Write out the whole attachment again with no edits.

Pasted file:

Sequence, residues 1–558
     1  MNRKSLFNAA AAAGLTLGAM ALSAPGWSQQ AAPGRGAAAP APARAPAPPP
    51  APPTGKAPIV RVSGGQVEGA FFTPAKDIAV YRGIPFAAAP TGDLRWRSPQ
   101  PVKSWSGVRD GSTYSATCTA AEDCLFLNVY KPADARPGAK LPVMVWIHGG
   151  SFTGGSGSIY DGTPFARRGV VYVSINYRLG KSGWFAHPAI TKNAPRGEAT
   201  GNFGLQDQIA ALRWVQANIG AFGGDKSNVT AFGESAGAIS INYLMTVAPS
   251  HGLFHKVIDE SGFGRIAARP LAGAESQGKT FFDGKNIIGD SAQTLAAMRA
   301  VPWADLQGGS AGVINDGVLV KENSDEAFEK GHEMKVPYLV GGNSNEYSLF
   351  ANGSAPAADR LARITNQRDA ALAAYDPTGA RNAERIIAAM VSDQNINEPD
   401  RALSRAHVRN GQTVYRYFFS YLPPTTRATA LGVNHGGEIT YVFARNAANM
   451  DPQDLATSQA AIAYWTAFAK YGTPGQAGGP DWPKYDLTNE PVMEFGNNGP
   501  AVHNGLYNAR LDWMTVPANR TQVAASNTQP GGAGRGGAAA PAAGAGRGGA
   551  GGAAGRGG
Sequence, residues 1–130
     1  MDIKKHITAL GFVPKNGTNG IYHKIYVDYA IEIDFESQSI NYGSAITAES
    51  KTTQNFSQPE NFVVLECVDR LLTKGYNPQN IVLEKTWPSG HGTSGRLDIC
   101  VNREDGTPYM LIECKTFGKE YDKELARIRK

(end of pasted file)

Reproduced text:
Sequence, residues 1–558
     1  MNRKSLFNAA AAAGLTLGAM ALSAPGWSQQ AAPGRGAAAP APARAPAPPP
    51  APPTGKAPIV RVSGGQVEGA FFTPAKDIAV YRGIPFAAAP TGDLRWRSPQ
   101  PVKSWSGVRD GSTYSATCTA AEDCLFLNVY KPADARPGAK LPVMVWIHGG
   151  SFTGGSGSIY DGTPFARRGV VYVSINYRLG KSGWFAHPAI TKNAPRGEAT
   201  GNFGLQDQIA ALRWVQANIG AFGGDKSNVT AFGESAGAIS INYLMTVAPS
   251  HGLFHKVIDE SGFGRIAARP LAGAESQGKT FFDGKNIIGD SAQTLAAMRA
   301  VPWADLQGGS AGVINDGVLV KENSDEAFEK GHEMKVPYLV GGNSNEYSLF
   351  ANGSAPAADR LARITNQRDA ALAAYDPTGA RNAERIIAAM VSDQNINEPD
   401  RALSRAHVRN GQTVYRYFFS YLPPTTRATA LGVNHGGEIT YVFARNAANM
   451  DPQDLATSQA AIAYWTAFAK YGTPGQAGGP DWPKYDLTNE PVMEFGNNGP
   501  AVHNGLYNAR LDWMTVPANR TQVAASNTQP GGAGRGGAAA PAAGAGRGGA
   551  GGAAGRGG
Sequence, residues 1–130
     1  MDIKKHITAL GFVPKNGTNG IYHKIYVDYA IEIDFESQSI NYGSAITAES
    51  KTTQNFSQPE NFVVLECVDR LLTKGYNPQN IVLEKTWPSG HGTSGRLDIC
   101  VNREDGTPYM LIECKTFGKE YDKELARIRK